The -- very old -- laptop of a friend of mine died the other day and I offered to give her my old laptop as a replacement. Problem was, an old version of Windows was installed on my old laptop which I had to get rid of. Since I did not have any spare Windows product keys at the time, I decided to install Linux on the device instead. While the main reason was that I could do so without paying a dime, it would improve the overall system security as well which is always a good thing. Since I'm not really a Linux guy, I had to do some research on how to get Linux on the device. Turns out, it is pretty simple and straightforward.Here is what you need for that:
Open source games roundupWeek of August 10 - August 16, 2014A quiet week in open source gaming news. I spent most of my gaming time trying to figure out Divinity: Original Sin, which... isn't out on Linux yet, but will be soon. How soon? Good question.read more
Vringo's win over Google was one of the biggest and most public jury wins for a "patent troll" in recent years. It won $30 million from a jury verdict in 2012, far less than the half-billion-dollar verdict it was seeking.But last year, the judge overseeing the case revived Vringo's hopes, ordering Google to pay a running royalty amounting to 1.36 percent of US AdWords sales. Those additional payments could have been more than $200 million annually, pushing Vringo investors toward the billion-dollar payday they were pining for.
Wind Power Monthly (I had no idea such a thing existed) has an article about how Intellectual Ventures is apparently targeting its patent trollery towards wind power, having filed a bunch of patents on very broad and basic concepts related to wind power. Of course, IV is trying to hide its involvement here by using one of its many shell companies.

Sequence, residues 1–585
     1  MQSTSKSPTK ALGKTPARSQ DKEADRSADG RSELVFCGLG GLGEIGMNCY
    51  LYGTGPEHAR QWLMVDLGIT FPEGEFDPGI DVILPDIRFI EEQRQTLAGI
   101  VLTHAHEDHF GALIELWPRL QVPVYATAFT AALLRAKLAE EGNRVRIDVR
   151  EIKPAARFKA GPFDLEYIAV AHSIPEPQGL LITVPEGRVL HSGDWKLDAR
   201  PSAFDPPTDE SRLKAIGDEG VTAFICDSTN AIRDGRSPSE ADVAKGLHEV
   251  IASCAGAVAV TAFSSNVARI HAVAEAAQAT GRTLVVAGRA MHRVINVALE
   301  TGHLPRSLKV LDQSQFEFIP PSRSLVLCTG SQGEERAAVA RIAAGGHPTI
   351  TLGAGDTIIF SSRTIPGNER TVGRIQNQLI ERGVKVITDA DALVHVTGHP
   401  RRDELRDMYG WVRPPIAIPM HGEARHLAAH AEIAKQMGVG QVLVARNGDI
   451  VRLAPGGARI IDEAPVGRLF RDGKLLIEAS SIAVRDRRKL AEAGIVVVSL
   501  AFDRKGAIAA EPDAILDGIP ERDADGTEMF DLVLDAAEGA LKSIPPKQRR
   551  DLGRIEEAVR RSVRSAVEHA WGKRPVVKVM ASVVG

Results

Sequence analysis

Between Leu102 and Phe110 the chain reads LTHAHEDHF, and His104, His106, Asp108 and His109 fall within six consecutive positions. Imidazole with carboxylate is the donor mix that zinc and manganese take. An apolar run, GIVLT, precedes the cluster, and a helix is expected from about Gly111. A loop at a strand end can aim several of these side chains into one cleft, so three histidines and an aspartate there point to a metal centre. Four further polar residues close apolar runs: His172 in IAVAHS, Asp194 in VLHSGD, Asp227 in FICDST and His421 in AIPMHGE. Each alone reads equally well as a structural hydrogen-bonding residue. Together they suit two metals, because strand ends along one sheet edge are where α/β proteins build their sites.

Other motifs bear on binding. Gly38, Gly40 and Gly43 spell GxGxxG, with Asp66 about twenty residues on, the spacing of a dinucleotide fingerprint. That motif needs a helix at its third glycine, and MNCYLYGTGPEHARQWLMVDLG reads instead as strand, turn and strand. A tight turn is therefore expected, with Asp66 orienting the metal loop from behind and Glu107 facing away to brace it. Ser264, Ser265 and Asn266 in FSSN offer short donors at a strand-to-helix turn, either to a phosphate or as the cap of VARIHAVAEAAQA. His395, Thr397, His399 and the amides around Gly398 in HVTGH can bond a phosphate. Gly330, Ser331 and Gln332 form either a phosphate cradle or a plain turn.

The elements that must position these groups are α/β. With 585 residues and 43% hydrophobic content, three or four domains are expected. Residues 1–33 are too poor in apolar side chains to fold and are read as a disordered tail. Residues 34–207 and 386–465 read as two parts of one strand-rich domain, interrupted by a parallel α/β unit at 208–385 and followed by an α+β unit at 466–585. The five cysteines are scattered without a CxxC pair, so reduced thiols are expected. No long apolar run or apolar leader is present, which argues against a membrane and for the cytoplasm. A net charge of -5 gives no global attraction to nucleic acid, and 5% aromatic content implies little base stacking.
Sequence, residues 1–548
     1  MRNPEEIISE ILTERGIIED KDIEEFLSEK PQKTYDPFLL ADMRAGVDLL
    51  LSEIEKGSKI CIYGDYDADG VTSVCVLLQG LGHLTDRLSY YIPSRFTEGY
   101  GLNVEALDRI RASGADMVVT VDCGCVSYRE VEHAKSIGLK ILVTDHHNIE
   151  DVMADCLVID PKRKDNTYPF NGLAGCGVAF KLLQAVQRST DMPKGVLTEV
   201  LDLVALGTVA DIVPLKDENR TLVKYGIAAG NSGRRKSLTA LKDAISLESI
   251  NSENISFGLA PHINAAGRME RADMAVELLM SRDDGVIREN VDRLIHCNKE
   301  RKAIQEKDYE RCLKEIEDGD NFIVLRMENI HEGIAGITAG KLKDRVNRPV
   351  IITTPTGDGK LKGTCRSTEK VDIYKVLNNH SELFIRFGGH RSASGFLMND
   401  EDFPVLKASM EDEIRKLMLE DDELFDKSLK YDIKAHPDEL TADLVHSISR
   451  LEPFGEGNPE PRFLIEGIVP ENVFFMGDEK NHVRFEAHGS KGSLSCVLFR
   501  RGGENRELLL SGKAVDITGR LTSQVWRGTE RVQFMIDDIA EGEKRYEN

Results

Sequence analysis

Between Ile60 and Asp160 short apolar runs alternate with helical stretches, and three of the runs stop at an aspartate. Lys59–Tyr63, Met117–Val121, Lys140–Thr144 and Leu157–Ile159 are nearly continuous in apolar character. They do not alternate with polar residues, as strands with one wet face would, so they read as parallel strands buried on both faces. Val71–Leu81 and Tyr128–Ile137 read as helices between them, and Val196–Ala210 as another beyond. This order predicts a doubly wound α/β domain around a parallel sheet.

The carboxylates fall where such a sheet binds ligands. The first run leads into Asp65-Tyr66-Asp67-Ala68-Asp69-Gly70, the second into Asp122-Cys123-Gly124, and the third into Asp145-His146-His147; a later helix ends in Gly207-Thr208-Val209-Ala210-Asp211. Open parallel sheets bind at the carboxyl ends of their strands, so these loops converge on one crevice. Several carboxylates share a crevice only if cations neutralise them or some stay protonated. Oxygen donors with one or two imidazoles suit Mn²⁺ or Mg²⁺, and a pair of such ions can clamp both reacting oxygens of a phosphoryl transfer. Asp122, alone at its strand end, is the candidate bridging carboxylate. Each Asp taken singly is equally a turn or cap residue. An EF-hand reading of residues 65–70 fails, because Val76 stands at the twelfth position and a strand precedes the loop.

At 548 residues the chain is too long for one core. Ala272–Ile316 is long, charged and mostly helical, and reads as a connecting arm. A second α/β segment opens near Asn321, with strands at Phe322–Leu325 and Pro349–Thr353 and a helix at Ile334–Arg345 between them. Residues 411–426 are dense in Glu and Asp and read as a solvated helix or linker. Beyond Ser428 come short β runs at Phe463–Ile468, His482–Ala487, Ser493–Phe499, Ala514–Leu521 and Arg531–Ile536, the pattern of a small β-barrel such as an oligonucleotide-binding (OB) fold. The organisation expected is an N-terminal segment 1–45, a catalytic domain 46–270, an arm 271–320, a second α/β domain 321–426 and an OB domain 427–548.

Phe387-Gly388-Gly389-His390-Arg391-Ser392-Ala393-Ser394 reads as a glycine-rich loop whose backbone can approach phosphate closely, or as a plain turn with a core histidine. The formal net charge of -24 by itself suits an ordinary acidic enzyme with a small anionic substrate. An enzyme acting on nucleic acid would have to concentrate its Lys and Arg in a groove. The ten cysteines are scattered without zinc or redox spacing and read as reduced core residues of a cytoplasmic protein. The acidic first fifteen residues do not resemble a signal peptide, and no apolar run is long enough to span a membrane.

Six things that Windows users should know about Linux. Plus: Four Linux download managers, and why has the controversial systemd been adopted so quickly?
In the following article we will show you how you can secure and protect your Ubuntu or Debian based virtual server using a firewall application, called iptables.
Samsung is acquiring home automation firm SmartThings, setting up the potential integration with Tizen inside an upcoming Linux version of the SmartThings hub. As TechCrunch predicted a month ago, Samsung announced an agreement to acquire SmartThings. In July, TechCrunch pegged the sale at $200 million, which if true would be a steal compared to the […]
August 15, 2014
In the early days of email, getting junk messages into the hands of recipients wasn’t difficult. The real challenge was getting a list of valid email addresses to hit. Those lists were sold on underground forums and passed around on CDs among spammers. Junk email filters were in their infancy and not very effective. Spammers would make small tweaks to their subject lines or the domains they were using and usually have no trouble evading the filters. As anti-spam techniques improved over the years and reputation systems and other predictive techniques came into play, spammers have had a much more difficult time getting their messages into inboxes.
In today's Android roundup: Android and iOS take more market share, while Windows Phone declines. Plus: LEGO's FUSION apps for Android, and how much should a flagship Android phone cost?
Linux is about to get a pretty deep and serious city builder courtesy of Paradox and Colossal Order named Cities Skylines.